The short story “A & P” by John Updike is about a young man’s decision to stand up for others or, in the other characters’ opinions, make a foolish decision by abandoning his responsibility. At first he believes his decision is the right thing, quitting his job for how the girls were being treated. Then when he gets outside of the store, he realizes the world he just left behind, regrets his decision, and begins to question his actions. He starts to overthink what the world has to offer him, making his worldview change from underrating to overrating. His “unsure of the world’s dangers” worldview in the beginning changes to overrating the dangers of the future ahead at the end of the story causing Sammy to change throughout “A & P”.
It’s our policy” (Updike 6). The manager is clearly claiming that he is more superior to the girls to decide what appropriate attire is. By arguing, “it’s our policy” he is representing the perspective of everyone in the store, or perhaps even the community. This frustrates Sammy, and he decides to quit his job. When looking back at the store after walking out, Sammy’s “stomach kind of fell as [he] felt how hard the world was going to be to [him] hereafter” (Updike 8).
For the moment, at least, he's reposing the confidence that he's doing the right thing". One may agree with Updike's opinion, because as Sammy stated himself, he wanted to be an "unsuspected hero" (152). Also, he was indeed deceived by that moment of attraction. Trying to be the girls hero, with good intentions as Updike stated, he has quit his job, which in a long run, will need. M. Glibert Porter, another who gives his opinion on the story A&P.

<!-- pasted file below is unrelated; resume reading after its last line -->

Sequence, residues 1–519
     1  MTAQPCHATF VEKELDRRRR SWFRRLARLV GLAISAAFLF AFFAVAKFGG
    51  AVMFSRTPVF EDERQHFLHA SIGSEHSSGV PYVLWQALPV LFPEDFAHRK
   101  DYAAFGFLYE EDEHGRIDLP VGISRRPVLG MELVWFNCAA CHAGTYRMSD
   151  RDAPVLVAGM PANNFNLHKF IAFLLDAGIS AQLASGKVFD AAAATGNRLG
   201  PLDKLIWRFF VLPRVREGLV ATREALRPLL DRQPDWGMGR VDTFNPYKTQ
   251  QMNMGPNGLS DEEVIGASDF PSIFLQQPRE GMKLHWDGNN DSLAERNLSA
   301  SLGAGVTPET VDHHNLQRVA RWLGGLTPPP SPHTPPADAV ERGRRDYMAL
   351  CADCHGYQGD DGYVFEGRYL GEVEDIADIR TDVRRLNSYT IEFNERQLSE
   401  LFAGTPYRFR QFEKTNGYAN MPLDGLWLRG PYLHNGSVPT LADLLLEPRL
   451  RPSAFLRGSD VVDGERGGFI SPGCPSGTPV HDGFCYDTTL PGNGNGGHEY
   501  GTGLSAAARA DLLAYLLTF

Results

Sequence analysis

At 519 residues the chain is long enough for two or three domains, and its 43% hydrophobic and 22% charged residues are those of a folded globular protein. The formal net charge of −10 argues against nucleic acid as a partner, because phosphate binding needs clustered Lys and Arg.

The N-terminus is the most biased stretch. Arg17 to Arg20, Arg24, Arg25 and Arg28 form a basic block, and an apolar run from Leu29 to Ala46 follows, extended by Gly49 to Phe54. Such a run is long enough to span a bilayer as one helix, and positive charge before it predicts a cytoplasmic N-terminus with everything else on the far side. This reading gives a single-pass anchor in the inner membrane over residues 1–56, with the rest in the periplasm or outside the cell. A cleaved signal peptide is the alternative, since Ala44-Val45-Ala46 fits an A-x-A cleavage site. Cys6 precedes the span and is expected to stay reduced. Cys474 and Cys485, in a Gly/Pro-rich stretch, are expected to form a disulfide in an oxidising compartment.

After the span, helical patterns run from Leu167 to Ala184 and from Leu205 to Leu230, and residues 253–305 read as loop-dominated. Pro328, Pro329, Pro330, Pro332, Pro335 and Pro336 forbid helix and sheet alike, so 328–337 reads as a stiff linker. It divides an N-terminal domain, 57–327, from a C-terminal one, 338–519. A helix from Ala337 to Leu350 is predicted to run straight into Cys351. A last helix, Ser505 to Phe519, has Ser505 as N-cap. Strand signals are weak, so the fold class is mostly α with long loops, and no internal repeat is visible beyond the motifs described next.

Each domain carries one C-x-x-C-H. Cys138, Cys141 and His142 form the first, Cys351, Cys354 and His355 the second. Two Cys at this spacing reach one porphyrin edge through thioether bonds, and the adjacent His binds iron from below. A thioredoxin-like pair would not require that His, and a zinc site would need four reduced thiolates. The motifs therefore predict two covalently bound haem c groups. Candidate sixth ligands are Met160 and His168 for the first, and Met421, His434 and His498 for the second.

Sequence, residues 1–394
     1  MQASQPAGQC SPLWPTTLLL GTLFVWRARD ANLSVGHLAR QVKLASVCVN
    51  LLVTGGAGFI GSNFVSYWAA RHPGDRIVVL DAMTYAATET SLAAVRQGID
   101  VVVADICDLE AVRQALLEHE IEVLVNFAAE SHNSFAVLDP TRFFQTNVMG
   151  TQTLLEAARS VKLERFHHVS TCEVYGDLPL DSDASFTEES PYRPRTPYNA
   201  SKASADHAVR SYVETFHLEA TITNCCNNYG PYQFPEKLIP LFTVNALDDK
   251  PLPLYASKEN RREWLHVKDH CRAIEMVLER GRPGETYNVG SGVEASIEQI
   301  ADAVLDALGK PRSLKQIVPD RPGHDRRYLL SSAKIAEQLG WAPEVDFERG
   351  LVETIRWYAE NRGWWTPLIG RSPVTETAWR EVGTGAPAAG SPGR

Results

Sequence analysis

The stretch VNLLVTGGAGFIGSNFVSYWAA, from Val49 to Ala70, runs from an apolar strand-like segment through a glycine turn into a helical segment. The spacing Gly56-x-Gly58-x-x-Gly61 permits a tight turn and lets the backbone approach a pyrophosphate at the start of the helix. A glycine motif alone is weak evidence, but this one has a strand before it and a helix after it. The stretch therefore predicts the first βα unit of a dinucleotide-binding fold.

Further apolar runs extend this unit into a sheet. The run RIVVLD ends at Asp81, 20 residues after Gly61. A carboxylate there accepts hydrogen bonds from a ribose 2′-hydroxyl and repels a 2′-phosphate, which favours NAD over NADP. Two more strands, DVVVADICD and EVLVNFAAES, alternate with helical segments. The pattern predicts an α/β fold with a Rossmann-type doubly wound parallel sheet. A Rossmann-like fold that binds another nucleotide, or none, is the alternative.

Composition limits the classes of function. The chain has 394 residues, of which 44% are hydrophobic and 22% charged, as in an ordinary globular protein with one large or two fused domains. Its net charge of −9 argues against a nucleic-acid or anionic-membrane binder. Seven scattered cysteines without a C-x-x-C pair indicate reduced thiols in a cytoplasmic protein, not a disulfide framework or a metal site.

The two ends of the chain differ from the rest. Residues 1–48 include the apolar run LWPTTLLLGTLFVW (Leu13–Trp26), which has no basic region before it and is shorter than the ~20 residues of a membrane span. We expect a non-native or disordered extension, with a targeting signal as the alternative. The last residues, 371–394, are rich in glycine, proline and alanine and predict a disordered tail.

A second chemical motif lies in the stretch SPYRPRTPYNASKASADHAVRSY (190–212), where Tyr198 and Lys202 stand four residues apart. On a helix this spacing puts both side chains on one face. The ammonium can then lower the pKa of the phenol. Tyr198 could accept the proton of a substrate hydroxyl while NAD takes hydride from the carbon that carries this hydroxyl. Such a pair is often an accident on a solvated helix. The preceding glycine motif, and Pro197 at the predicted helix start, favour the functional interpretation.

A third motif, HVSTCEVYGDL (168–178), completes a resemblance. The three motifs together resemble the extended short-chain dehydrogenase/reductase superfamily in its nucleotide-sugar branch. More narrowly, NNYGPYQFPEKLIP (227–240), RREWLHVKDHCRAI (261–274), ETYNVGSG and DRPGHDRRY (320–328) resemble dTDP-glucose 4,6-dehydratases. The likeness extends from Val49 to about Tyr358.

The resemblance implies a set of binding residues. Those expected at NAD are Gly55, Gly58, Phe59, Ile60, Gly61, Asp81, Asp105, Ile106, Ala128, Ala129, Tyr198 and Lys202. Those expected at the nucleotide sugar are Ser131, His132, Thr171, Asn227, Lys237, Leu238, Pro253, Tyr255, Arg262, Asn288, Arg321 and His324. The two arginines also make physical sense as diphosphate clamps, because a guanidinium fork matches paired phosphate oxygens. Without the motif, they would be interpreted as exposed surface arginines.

Overall white knighting is an innocuous act and is basically just sticking up for another person. However, the way Sammy did it in the story, by quitting his job, was completely antithetical to how he should have done it. Instead of just pointing out Lengal 's crude way of handling the girls, he decided that quitting and hoping that the girl would see it would be enough to make them have some sort of adoration for him. The following quote shows Sammy wanting a reward for standing up for someone: "so I [Sammy] say "I quit" to Lengel quick enough for them to hear, hoping they 'll [the girls] stop and watch me, their unsuspected hero. (Updike 90).
Holden was constantly wallowed in self-pity, hatred, and regrets he had no way of moving on from his past. He counted on Allie even when he was no longer there, “Allie don’t let me disappear” (Salinger). His hope would only diminish every time he would fail again or notice another flaw in the world. Even though he had several opportunities to change his life around he treated each one the same as before, and then was disgraced when he only grew more depressed. This is one of the reasons there is so much controversy surrounding this novel on whether schools should read it, as stated by this critic, “some people complained that the novel’s language was crude and obscene” (Moss and Wilson).